The healthcare industry has numerous examples of misaligned incentives that create inefficiencies. Further study of incentive design can help raise awareness, quantify the impacts and costs of the misaligned incentives, and offer ways to create better systems.
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One of the core problems in healthcare is an agency problem. Though we want everyone to have access to decent healthcare, many can’t afford this on their own. Therefore governments or insurers step in, but this creates a perverse incentive for individuals to over-consume healthcare when someone else is paying.
We use copayments to dissuade this overconsumption, but this fixed fee approach offers little disincentive to wealthy people while arguably putting too high a barrier for the less well off.
Would it make sense to consider income as a factor in copayments? The Swiss consider income a factor in calculating speeding tickets; how might a similar approach change the incentives within the US healthcare system?
We don’t train enough doctors in the US. This has little to do with the demand for doctors or the number of students who want to train as doctors, and lots to do with restrictions from the National Residency Matching Program on how many residents can train per year. This program even has an exemption from antitrust laws that support it.
Doctors who are currently in the profession thus get to decide how many new doctors to allow into the profession. While not necessarily nefarious, this creates perverse incentives. The fewer doctors that enter the profession, the higher the wages of those who already are doctors. Could this protectionist incentive be part of the reason why residency requirements force new trainees to slog through years of long hours and low wages? Or why so few are allowed to match in the first place?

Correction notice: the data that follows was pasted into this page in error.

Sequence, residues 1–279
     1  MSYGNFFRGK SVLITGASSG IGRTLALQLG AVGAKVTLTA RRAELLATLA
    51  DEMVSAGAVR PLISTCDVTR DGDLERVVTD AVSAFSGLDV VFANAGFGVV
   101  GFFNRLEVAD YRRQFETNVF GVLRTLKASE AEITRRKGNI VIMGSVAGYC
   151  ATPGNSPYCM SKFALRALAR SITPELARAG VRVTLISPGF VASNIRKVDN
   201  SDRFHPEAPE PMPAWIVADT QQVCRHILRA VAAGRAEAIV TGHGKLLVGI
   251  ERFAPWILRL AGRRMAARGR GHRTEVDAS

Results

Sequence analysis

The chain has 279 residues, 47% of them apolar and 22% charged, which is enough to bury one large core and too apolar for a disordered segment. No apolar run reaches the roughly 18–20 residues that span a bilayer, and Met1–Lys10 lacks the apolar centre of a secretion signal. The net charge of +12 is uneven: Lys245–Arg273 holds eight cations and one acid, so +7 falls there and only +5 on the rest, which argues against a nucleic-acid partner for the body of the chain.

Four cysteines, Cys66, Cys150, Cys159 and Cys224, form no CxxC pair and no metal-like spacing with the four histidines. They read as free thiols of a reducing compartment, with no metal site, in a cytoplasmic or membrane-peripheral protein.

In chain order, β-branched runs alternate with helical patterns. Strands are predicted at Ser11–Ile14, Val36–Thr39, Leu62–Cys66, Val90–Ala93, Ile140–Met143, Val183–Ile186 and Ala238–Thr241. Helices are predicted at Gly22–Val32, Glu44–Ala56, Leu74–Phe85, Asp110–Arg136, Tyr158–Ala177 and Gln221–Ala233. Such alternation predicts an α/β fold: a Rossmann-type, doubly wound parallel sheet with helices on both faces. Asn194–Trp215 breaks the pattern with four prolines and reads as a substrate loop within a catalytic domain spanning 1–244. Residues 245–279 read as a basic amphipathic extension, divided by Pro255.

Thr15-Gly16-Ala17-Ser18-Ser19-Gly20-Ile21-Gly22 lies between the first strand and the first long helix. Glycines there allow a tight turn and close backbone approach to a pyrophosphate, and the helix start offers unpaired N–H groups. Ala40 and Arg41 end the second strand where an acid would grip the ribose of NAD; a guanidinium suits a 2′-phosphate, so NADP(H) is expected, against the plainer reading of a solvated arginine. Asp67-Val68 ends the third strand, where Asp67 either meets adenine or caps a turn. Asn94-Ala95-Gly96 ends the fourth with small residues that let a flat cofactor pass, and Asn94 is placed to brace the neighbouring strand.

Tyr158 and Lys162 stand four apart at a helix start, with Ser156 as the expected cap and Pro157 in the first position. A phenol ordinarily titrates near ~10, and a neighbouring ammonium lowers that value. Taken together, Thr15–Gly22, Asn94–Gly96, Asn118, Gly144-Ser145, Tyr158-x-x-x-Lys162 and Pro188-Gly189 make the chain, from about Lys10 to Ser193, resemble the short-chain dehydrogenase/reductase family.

ID can help shine a light on this incentive, understand how it affects behavior, articulate its economic and medical implications, and offer better approaches to ensuring high quality medical training while dissuading this protectionist practice.
Doctors often are required to pay a fee of 2.5% to receive electronic payments from insurance companies, who contract with third party providers to run this transaction. No company would stand for self-imposing a 2.5% tax on paying its own employees and yet our healthcare system enables and incentivizes middlemen to do just that.
Institutional Review Boards (IRBs) that oversee medical research put too much emphasis on liability reduction and don’t adequately consider the risk to probability ratio or the potential for human advancement that can come from research. This is outlined in great depth by Simon Whitney in “Oversight to Overkill” and expounded upon here.
From Oversight to Overkill: Inside the Broken System That Blocks Medical Breakthroughs—And How We Can Fix It
From Oversight to Overkill: Inside the Broken System That Blocks Medical Breakthroughs—And How We Can Fix It [Whitney, Simon N.] on Amazon.com. *FREE* shipping on qualifying offers. From Oversight to Overkill: Inside the Broken System That Blocks Medical Breakthroughs—And How We Can Fix It
How do we leverage better study to understand the incentives with which IRBs are operating and help shift the systemic risk / reward toward
Patients have an incentive to order any test that might potentially be useful. Doctors get compensated for running tests. These incentives together lead to a systemic overconsumption of testing that’s expensive and drives costs up for everyone. It also lead to increased stress from false — for example, a 7%-12% false positive rate compounded over 10 yearly exams means a woman is 50% - 60% likely to experience at least one false positive.
Though insurance companies have some incentive to deny testing, this is not a good solution either. Thus, overconsumption drives up systemic costs.